…given the high transmissibility of the infection
As the number of daily cases soar touching 100 on May 29, many are worried if it is the new variant of the SARS-CoV-2 that is spreading in the south and eastern parts of the country.
Experts believe this could be possible.
Although the Royal Centre for Disease Control (RCDC) is yet to send the samples for gene sequencing to Thailand, the technical advisory group’s (TAG) Dr Sonam Wangchuk said that given the behaviour of the current infection, the outbreak could be triggered by a new variant of SARS-CoV-2 first detected in India — B.1.617.2.
Dr Sonam Wangchuk said that based on the disease epidemiology, the current outbreak started from the south, meaning, the only source of the outbreak is from across the border.
He said that after the second nationwide lockdown in December last year, Bhutan did not have any Covid-19 virus in the community. The current outbreak started from Phuentsholing and during this particular time, the predominantly circulating virus in India was the B.1.617.2 variant.
Also, looking at the high transmission rate, Dr Sonam Wangchuk said that there was no doubt that the same virus was infecting Bhutanese in the current outbreak. “While we still have to conduct the gene sequencing to confirm this, I’m sure it is the same variant, which has come from across the border and spilled over to different communities in the country.”
The B.1.617.2 variant which was first identified in Maharashtra, India in October last year is now one of the dominant variants of the SARS-CoV-2 virus circulating in India and the United Kingdom including several other countries.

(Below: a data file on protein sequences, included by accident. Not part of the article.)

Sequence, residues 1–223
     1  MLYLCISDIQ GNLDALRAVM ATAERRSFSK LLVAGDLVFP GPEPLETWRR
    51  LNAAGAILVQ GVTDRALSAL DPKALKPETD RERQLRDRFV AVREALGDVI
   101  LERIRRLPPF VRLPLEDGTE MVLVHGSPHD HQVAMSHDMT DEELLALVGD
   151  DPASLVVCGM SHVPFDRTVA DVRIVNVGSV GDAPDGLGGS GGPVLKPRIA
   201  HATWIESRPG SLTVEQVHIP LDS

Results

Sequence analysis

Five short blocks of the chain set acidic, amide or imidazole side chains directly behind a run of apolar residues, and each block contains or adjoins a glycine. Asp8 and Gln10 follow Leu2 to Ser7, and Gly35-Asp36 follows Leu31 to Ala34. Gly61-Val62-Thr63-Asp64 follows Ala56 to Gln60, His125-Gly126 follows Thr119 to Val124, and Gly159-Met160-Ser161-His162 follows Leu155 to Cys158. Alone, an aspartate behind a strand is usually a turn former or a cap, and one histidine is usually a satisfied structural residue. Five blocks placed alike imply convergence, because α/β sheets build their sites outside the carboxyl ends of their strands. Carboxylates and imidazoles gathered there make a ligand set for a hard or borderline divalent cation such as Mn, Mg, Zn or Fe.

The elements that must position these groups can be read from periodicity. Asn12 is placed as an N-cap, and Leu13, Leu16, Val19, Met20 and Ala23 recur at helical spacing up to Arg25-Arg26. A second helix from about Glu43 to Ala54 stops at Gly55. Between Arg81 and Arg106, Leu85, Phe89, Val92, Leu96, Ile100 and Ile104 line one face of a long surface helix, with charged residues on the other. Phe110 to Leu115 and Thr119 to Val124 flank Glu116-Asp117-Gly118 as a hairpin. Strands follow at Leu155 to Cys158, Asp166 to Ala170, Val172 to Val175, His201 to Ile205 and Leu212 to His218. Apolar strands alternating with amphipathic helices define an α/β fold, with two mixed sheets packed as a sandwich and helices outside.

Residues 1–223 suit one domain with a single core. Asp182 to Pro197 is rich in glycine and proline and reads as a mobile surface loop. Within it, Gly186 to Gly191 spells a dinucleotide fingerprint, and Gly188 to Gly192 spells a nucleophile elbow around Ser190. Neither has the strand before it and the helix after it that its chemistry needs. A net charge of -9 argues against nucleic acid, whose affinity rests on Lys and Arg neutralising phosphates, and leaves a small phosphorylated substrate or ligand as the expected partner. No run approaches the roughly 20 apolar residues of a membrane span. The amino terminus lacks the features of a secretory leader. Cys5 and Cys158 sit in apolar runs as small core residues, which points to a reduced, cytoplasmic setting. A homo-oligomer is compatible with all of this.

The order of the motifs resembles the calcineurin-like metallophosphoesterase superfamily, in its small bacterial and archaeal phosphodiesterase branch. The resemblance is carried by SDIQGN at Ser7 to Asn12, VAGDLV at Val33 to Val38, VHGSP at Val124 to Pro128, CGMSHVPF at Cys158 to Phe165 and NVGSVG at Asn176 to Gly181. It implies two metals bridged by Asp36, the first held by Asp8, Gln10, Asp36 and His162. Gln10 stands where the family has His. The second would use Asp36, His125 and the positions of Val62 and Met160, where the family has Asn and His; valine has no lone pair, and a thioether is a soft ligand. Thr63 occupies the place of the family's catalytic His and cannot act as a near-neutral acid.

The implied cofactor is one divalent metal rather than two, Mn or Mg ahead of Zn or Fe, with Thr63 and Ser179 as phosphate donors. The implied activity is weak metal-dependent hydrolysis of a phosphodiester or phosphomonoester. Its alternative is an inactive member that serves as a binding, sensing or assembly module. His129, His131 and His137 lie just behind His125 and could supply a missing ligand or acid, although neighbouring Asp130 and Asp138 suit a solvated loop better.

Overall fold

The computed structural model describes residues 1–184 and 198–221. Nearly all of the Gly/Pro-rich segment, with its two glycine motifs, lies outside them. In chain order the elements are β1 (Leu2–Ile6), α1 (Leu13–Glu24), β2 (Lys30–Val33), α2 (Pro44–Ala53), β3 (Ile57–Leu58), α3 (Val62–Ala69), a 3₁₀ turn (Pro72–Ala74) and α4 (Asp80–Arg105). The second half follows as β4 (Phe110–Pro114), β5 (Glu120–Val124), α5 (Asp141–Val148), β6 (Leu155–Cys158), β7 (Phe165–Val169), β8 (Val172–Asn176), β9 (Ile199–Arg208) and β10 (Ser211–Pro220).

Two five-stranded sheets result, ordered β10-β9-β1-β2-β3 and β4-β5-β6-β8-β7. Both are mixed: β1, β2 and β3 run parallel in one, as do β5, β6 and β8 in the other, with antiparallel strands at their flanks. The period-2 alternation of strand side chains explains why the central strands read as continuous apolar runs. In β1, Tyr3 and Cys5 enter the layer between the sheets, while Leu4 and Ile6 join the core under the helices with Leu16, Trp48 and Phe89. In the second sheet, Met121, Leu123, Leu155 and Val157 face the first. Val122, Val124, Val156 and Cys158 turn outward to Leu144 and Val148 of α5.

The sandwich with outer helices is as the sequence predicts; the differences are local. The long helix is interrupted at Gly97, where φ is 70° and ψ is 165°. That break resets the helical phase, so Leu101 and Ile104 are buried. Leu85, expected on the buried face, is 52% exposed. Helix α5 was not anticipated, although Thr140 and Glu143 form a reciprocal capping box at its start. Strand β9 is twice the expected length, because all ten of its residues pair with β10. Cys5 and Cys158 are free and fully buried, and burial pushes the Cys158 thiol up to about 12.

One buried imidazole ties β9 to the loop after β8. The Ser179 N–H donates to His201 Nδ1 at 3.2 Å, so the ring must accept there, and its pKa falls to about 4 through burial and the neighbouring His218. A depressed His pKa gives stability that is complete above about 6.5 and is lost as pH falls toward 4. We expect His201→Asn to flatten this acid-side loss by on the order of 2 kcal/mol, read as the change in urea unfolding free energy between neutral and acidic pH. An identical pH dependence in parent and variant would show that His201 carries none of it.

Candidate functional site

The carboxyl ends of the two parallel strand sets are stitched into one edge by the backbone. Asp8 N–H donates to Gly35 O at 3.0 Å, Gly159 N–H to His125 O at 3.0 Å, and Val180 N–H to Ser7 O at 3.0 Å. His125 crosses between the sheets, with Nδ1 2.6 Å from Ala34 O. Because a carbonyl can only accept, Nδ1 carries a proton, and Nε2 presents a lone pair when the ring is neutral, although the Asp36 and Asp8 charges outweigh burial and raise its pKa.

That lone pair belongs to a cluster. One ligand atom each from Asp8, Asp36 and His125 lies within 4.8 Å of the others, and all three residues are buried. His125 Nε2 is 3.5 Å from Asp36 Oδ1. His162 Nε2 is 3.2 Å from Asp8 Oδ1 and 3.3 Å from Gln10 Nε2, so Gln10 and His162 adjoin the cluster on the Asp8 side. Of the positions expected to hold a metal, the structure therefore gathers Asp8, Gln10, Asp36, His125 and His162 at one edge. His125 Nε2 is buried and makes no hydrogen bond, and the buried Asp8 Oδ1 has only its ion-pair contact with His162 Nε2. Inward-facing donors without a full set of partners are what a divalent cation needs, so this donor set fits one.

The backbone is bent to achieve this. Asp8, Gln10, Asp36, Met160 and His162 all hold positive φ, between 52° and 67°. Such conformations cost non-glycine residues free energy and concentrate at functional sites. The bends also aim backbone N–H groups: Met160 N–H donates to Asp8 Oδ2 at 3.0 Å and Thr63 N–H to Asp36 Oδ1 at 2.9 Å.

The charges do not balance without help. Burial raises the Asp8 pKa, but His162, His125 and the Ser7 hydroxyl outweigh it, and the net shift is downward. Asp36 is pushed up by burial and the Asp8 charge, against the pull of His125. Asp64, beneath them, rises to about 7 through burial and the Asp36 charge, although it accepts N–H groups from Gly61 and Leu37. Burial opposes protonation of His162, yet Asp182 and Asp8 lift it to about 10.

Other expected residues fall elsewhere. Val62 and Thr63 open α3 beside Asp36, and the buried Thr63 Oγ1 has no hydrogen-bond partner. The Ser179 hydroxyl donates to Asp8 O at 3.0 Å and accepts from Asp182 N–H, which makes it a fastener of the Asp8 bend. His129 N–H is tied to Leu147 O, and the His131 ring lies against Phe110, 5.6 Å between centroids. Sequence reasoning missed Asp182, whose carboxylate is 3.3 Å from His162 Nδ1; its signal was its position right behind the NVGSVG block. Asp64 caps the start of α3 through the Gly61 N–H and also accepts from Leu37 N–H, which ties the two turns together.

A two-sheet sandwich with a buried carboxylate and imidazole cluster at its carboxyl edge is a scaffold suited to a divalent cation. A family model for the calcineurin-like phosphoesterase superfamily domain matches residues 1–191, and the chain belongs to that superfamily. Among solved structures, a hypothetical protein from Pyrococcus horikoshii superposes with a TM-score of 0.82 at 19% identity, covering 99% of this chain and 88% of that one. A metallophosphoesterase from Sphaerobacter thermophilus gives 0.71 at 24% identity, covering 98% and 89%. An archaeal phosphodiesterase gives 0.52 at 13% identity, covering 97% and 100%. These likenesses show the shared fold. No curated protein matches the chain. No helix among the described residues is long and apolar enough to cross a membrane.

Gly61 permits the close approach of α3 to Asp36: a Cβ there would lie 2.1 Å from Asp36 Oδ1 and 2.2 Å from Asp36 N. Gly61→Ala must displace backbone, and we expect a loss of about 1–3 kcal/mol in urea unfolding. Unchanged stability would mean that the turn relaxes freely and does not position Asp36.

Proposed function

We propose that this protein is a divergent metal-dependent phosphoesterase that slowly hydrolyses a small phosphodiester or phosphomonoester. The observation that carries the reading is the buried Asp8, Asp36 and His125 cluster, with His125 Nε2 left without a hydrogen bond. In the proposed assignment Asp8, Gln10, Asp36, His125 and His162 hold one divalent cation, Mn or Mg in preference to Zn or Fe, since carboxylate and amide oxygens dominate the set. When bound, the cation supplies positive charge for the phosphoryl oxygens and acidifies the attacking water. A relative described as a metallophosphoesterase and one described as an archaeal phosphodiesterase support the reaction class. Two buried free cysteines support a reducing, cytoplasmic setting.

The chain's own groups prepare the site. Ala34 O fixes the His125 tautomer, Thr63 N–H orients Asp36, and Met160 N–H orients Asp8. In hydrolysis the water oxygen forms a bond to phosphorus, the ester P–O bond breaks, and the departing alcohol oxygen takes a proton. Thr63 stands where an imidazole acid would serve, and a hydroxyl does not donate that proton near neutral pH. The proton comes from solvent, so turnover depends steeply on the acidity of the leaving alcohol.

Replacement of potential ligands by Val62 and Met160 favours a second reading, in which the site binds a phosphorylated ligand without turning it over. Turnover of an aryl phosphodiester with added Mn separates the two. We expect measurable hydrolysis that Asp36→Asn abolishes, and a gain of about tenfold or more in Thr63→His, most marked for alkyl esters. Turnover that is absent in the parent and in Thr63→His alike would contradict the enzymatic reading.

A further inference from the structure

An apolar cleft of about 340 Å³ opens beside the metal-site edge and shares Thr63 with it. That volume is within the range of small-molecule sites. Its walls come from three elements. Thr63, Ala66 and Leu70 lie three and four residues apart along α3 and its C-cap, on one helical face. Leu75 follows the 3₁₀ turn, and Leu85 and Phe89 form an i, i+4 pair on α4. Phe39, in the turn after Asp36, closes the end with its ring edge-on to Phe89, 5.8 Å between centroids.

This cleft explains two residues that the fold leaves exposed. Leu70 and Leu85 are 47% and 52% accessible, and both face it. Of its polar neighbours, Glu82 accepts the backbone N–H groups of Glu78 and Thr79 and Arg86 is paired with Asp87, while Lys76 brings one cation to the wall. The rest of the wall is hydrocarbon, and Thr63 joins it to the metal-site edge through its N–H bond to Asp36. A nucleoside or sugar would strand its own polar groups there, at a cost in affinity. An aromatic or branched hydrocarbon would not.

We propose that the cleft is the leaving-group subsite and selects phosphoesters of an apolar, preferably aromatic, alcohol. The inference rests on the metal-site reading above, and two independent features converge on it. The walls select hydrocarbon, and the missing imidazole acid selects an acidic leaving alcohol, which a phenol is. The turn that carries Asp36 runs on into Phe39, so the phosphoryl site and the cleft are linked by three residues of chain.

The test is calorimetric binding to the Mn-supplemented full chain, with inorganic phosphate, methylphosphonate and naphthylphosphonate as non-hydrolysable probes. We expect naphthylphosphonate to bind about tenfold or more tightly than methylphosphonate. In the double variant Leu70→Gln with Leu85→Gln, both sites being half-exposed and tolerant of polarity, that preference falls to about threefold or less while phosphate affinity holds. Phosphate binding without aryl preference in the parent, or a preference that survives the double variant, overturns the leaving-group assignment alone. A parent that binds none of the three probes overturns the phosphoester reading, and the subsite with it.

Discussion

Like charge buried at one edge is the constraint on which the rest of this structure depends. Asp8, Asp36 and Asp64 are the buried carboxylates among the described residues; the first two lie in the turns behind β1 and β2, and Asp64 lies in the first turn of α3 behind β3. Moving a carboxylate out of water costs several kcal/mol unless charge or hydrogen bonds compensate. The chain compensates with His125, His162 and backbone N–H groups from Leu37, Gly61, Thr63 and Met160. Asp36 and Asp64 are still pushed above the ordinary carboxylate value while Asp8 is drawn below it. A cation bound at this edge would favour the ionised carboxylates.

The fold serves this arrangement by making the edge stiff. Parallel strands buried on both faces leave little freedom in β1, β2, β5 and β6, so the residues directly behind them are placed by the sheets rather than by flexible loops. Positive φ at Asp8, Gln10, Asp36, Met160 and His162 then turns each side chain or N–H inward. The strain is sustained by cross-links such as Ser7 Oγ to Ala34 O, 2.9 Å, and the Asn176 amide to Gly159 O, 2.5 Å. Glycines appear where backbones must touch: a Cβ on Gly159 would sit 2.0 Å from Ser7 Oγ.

The World Health Organisation (WHO) on May 11, 2021, classified the B.1.617.2 variant as a ‘Variant of Concern’ on top of three other variants of public health concern — UK (B.1.1.7), South African (B.1.351), and the Brazilian (P.1) variants.
Most cases asymptomatic and in stable condition
Dr Sonam Wangchuk said that in India the variant has caused havoc with its high transmissibility and the ability to cause more severity among the infected. “People are seen requiring additional oxygen supply as they struggle to breath. Compared to the past infections, more people now require critical care in the hospitals.”
However, he said that the deteriorating condition in India was not only because of the new variant. “It is the sheer number of people who are infected that has led to this. It seems like the virus in India was in circulation for a long time but it required a super-event for it to spread.”
Bhutan, he said, was not witnessing a similar impact even with the new variant mainly because of the vaccination. “We are seeing a high rate of transmission but the severity among the infected is low because the majority of our eligible adult population have received their vaccine,” he said. “If it wasn’t for the vaccine, the severity would have been more and many would have also required additional oxygen supply.”
It was learnt that most of the infected in Jomotshangkha, Merak, and Phuentsholing were asymptomatic and in stable condition. Officials said that none of them required critical care including oxygen supply. A few who were symptomatic were brought to the isolation centre in Samdrupjongkhar.
Dr Sonam Wangchuk explained that this was because although it was a new variant, the vaccine was still effective against the virus. He said that the main concern associated with the ‘Variants of Concern’ was on the vaccine effectiveness, accuracy of test kits and therapeutic procedure.
“The new variants are said to evade the immune system. However, the vaccine efficacy is still present despite this, which is why vaccination is still important,” he said.
According to international experts, the AstraZeneca vaccine’s efficacy was around 33 percent with one dose and about 60 percent with a booster dose against the Indian variant. Similarly, the Pfizer-BioNTech vaccine’s efficacy was about 88 percent with two doses and about 50 percent with a single dose.
By Younten Tshedup
Edited by Tshering Palden